Thursday, September 29, 2005
We talk about being transformed into the image and likeness of Christ. But which image are we speaking of? Is it the image of a son so submitted to the will of His father that he was willing to become a helpless infant in the hands of strangers? Or is it the bruised and battered Jesus, spit on, despised and rejected of men? What about the victorious Jesus, returning on a white horse? How about the image of Jesus kneeling in agonized prayer in the garden asking, “Father if..,” Can we choose which Jesus we become? I suspect that just as all of these images and so many others are all parts of the whole, we have to experience all of these aspects of Jesus as parts of our whole experience of being transformed into His image and likeness. And when I go through my “garden” experiences in the process of transformation, I am so glad that the Bible doesn’t try to clean up the story for the more “sensitive viewing audience.” I’m glad that it records that Jesus whispered an “if”. I’m glad that it tells the truth that there were moments when Jesus didn’t want to be the clay.
Tuesday, September 27, 2005
Thursday, September 22, 2005
I would like to ask the question, " What constitutes a civilized society?" It seems to me that all too often in American culture we equate "civilization" with technology. I have heard other cultures dismissed as backward because of their lack of material possessions and comforts such as electricity and automobiles. But what about other factors, such as the way we care for one another? Our children? Our elders? What about issues of human rights, education, healthcare, and employment? Shouldn't a society be measured by these factors as well? What about the way that we resolve conflict and interact with other nations/cultures?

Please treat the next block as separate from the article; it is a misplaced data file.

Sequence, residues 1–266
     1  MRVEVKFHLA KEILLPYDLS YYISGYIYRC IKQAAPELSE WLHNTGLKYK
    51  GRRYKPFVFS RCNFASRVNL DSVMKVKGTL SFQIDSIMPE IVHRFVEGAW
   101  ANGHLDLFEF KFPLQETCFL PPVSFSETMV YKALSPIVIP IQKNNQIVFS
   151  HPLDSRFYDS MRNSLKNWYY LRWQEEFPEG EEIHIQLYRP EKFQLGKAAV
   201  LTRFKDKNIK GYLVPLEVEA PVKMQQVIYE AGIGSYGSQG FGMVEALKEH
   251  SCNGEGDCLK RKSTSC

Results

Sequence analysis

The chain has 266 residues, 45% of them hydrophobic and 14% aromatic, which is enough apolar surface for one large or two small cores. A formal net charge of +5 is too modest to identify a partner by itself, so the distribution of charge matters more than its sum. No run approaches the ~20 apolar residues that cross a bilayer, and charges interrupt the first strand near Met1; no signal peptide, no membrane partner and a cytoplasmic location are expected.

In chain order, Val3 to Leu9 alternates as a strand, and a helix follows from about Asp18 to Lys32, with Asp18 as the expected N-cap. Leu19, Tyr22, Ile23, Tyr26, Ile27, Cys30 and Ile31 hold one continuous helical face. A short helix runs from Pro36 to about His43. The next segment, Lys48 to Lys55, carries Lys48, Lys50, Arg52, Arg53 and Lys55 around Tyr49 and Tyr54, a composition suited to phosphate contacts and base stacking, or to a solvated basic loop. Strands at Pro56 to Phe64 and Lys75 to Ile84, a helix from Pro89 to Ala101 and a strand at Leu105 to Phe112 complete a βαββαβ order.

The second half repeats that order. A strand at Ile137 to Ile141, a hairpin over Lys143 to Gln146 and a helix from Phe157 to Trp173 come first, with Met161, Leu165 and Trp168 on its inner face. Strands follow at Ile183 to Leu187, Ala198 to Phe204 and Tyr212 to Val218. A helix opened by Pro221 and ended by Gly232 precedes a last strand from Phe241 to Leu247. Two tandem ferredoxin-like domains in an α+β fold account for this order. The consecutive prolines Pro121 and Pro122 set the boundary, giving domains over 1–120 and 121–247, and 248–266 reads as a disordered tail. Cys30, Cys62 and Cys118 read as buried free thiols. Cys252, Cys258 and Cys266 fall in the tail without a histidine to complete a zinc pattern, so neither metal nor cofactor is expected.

Wednesday, September 21, 2005
I am reluctant even as I write this. I have been turning it over and over in my mind, asking myself what my story actually is. I am a White woman, living in the inner-city, in love with children, dedicated to serving them. I don't want to be here. I want to be on a little farm somewhere as close as you can possibly get to nowhere. I want to get up in the morning and hear my sheep bleating and walk down the rows of my garden inspecting my pea vines while sipping my morning coffee. But here I am in the middle of the city. Starving for some real grass, real trees, and stars that fill the night sky. Sometimes I want to walk away. But every morning I go into work and I greet the most beautiful little faces one could ever hope to encounter. They range in color from the palest beige to the deepest mahogany. To win their devotion all one has to do is really listen to what they have to say. I go home at night and their faces and their stories haunt my dreams and my waking hours. My greatest temptation is not money, or addictive substances, or sex. My greatest struggle is my desire to live for self. I know that I could go off and live a peaceful and happy life. I'm very easily satisfied. A good book, a good cup of tea, and I am set. My ambitions for myself are so mundane. But my ambitions for my children...they are boundless. I want my children to have all the choices in life that I have surrendered. I want them to not only see the stars that are now vacant from our skies, but to reach them. I want them to have opportunities and resources that other children take for granted. I want them to be free. Free in the sense that nothing can hold them back from their destinies.